Nelson reminded jurors of what Baker did find in Floyd's body: an enlarged heart, narrow arteries and low levels of fentanyl and methamphetamine.

Chauvin's attorney conceded that, in the end, Baker ruled Floyd's death as a homicide, but he read aloud to the jury that the medical definition of a homicide classification "is a 'neutral' term and neither indicates nor implies criminal intent."

Baker said Floyd's death was a "multi-factoral process," meaning no single factor played any greater role than any other, Nelson summarized.

Showing another clip of Floyd with his left shoulder pinned to the ground and his hands cuffed begging for his mother and asking the men on top of him to tell his kids he loves them, Nelson asked. "What do you really see?"

"You see a person who is on his side, being held in the side recovery position whose hand is touching the ground and the tire at times. You cannot take a single isolated frame and reach any conclusions because much like use of force, cause of death has to be considered in the totality of the circumstances," Nelson told the jury.

Judge Peter Cahill interrupted Nelson after the defense attorney addressed jurors for more than two hours and 30 minutes, and, according to a reporter in the courtroom, jurors appeared tired and fidgeting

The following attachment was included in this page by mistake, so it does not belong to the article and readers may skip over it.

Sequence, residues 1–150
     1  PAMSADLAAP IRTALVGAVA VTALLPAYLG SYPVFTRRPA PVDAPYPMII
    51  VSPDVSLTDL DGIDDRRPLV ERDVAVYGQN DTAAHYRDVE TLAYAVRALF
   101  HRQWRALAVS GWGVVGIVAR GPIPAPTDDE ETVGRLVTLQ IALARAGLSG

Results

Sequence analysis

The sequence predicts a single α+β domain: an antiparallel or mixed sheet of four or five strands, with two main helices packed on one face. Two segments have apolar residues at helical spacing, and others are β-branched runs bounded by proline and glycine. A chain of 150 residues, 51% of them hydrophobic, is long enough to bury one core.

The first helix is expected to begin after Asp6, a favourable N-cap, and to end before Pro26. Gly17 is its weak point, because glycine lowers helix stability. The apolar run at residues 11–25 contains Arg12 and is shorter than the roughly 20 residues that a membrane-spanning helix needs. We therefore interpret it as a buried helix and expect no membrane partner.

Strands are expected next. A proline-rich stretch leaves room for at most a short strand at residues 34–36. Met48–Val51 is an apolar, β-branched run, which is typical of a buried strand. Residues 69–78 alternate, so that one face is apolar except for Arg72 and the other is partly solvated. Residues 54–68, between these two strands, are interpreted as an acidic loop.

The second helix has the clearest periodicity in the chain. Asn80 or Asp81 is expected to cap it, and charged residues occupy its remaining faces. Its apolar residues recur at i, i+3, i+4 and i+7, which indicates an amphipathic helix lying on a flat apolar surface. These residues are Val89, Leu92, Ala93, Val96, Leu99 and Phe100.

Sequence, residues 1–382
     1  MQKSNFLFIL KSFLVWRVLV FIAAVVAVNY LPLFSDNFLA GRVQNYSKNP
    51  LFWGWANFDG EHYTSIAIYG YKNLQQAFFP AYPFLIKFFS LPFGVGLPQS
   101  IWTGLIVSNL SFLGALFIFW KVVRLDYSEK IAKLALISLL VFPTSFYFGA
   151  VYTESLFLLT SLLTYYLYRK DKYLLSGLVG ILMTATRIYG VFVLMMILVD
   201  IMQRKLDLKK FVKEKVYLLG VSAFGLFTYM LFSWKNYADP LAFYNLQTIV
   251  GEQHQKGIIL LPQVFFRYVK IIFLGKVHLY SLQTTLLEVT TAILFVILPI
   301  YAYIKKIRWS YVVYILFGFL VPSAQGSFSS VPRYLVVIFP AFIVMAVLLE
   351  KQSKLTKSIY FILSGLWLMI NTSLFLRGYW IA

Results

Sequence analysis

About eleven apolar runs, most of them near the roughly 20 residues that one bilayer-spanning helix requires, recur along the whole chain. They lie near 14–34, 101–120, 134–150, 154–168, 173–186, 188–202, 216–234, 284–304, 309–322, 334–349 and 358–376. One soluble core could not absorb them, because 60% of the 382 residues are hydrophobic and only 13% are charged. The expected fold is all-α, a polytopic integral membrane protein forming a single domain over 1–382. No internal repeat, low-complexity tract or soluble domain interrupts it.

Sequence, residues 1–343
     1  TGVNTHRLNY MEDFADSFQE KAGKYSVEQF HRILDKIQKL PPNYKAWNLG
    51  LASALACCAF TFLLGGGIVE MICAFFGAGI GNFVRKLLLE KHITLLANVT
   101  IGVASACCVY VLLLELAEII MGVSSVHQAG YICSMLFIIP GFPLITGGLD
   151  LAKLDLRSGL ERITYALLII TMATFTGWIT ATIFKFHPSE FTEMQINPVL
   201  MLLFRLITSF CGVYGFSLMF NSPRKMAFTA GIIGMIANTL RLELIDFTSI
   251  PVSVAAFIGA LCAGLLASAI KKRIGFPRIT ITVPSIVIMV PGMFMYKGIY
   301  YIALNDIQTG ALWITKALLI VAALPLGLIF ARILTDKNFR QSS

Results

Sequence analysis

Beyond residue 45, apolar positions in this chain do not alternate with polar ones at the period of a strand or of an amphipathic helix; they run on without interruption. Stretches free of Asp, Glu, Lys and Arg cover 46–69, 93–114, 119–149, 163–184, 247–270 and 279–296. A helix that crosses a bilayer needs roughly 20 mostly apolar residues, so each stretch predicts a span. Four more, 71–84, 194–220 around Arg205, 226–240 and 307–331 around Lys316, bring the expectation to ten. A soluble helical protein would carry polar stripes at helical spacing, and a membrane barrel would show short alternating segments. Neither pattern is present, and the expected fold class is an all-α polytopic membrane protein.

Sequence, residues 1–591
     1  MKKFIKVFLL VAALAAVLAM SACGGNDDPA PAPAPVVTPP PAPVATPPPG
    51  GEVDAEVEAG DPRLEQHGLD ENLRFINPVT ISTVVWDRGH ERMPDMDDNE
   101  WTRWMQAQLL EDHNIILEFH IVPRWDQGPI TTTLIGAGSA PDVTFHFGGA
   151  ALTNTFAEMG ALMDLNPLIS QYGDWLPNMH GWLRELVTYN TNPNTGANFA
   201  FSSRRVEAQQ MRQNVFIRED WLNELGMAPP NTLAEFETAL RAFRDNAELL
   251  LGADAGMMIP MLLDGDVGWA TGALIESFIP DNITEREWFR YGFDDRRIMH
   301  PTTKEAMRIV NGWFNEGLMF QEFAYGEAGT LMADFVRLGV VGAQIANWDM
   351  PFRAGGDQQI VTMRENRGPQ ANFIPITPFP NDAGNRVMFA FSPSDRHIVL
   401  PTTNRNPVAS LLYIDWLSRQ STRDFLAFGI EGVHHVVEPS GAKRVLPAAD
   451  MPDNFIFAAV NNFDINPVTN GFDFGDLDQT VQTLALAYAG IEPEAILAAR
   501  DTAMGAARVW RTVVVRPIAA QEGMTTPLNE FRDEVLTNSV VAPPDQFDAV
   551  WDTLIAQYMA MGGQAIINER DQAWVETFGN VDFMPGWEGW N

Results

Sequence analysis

Nelson resumed his closing arguments after a brief lunch break.

The prosecution had already laid out its closing arguments to the jury, saying that Chauvin directly caused the death of Floyd last Memorial Day after kneeling on his neck for nine minutes and 29 seconds.

Floyd was not in perfect health, and he was under stress, prosecutor Steve Schleicher told the court earlier Monday.

"But none of this caused George Floyd's heart to fail. It did not," the prosecutor said. "His heart failed because the defendant's use of force, the 9:29, that deprived Mr. Floyd of the oxygen that he needed, that humans need, to live."

In wrapping up his address, Nelson again asked the jury to consider all the evidence presented over the last few weeks.

"When you review the entirety of the evidence, when you review the law, as written and you conclude it all within this, all within a thorough and honest analysis, the state has failed to prove its case beyond a reasonable doubt," Nelson said. "Therefore, Mr. Chauvin should be found not guilty of all counts."

NPR's Merrit Kennedy contributed to this report.